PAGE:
Trainers help athletes overcome injuries

Emily Moore, Staff Writer

Pitt-Johnstown athletic trainers have an important role in athletes’ careers.

The trainers work around the athletes’ schedules to be available to stretch, heat or massage muscles.

According to Pitt-Johnstown head athletic trainer Elissa Till, NCAA student athletes are able to receive medical care for sport-related injuries.

“Many individuals sustain injuries during their competitive season that require long-term attention, such as post-surgical rehabilitation, for several months,” said Till.

Trainers work throughout the day, during indoor sports practices and games: volleyball and men’s and women’s basketball.

When the spring season hits, trainers are at the home games for baseball, softball and track and field.

In the fall, trainers are at home games for men’s and women’s soccer.

Trainers are available to athletes during their seasons, but also in their offseasons, probably the most important time for the athletes during the year.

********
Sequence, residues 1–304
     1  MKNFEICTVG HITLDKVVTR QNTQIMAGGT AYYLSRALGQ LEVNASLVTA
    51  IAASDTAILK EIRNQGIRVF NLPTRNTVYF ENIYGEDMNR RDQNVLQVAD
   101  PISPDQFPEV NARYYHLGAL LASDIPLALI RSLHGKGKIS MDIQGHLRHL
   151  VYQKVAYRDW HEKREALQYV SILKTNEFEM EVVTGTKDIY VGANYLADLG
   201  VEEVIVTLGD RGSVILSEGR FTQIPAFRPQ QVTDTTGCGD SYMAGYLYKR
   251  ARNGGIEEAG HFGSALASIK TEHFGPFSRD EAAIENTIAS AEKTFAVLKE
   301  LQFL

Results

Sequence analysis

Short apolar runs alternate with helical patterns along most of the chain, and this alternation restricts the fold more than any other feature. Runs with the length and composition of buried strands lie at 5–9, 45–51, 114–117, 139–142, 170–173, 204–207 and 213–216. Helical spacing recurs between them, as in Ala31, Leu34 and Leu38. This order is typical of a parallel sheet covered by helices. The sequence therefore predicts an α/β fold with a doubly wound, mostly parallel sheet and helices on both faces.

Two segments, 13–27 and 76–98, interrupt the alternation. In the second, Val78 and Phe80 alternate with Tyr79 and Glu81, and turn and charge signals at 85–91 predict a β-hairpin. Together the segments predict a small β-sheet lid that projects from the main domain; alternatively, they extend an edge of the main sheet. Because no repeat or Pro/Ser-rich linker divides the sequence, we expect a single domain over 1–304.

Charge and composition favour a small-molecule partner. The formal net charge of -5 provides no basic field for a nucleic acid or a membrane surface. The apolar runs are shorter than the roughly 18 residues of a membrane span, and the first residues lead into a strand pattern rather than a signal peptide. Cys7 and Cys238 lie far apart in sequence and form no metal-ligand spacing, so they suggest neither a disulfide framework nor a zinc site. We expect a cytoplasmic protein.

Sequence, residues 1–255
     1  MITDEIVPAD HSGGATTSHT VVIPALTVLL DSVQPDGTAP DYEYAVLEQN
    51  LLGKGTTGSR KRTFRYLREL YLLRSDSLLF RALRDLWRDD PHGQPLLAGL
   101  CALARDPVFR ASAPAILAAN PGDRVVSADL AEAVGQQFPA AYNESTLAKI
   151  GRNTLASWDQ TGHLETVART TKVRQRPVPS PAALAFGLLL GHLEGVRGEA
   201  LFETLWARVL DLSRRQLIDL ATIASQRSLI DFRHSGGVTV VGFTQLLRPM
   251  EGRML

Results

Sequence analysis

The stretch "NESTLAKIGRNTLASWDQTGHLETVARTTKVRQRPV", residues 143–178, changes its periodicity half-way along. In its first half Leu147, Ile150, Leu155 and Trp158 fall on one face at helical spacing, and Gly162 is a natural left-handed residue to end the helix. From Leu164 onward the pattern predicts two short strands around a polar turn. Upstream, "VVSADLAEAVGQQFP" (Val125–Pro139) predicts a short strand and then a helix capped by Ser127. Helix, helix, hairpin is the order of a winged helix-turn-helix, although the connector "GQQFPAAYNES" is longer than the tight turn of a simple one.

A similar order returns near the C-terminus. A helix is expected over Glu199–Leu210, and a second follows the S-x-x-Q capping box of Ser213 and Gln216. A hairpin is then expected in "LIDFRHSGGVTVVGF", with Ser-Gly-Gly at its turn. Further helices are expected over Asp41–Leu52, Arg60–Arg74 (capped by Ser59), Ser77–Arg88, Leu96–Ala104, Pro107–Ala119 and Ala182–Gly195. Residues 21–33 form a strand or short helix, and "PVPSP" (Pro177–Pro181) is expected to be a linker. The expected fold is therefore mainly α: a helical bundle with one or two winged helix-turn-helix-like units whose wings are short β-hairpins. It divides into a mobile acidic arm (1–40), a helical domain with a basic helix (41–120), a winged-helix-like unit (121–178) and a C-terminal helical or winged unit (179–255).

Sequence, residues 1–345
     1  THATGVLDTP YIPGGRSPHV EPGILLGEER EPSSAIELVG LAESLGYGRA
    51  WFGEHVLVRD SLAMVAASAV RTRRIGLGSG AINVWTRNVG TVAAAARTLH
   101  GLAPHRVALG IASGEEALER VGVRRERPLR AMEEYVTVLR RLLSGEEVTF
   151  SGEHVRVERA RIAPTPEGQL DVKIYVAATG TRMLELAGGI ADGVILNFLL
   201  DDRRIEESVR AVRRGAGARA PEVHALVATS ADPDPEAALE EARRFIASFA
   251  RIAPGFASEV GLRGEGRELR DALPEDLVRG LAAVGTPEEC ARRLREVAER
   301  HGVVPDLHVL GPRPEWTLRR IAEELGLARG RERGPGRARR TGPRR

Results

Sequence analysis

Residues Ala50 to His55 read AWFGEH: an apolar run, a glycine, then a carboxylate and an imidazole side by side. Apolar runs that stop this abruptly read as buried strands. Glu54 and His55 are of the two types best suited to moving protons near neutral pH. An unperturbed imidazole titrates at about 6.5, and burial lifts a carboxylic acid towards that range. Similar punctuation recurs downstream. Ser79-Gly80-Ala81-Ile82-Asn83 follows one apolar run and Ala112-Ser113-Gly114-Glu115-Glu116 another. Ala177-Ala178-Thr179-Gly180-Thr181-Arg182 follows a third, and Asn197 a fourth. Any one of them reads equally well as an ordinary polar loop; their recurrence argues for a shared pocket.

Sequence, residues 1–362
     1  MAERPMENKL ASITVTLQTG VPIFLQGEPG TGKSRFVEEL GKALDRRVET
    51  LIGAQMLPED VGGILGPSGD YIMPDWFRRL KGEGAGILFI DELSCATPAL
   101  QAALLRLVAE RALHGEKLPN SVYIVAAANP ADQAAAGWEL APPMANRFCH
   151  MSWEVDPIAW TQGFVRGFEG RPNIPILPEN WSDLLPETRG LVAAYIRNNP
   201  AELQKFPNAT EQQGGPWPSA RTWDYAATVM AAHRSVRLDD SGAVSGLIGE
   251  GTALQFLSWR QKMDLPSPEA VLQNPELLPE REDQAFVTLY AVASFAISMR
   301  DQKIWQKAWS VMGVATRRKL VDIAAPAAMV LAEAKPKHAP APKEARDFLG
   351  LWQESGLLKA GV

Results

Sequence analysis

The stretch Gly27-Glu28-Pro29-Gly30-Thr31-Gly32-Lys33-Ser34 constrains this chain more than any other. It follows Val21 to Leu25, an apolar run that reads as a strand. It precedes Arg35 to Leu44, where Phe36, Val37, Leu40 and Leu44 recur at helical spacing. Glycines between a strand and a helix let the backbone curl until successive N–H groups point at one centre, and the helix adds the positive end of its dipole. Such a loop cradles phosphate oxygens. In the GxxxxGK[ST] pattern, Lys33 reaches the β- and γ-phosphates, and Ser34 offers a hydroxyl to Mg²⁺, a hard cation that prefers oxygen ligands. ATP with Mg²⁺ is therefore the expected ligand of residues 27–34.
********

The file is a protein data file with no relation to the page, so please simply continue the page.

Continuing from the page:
During the offseasons, athletes sometimes put in more work than they do the rest of year.

The trainer’s room has many tools available to cover different types of injuries.

“Various types of modalities are available to the student athletes,” said Till.

“Therapeutic ultrasound, electrical stimulation and heat (and) cold are used,” said Till.

“Also, compression to decrease healing time of injuries (is available).”

If, for some reason, the trainers are not available during a certain time of the day for athletes to see them, appointments can be scheduled.

Of the various Pitt-Johnstown sports, according to Till, contact sports produce the most athletes to the training room.

  “Sports that have a collision or contact component tend to have a higher incidence of injury than non-contact sports,” said Till.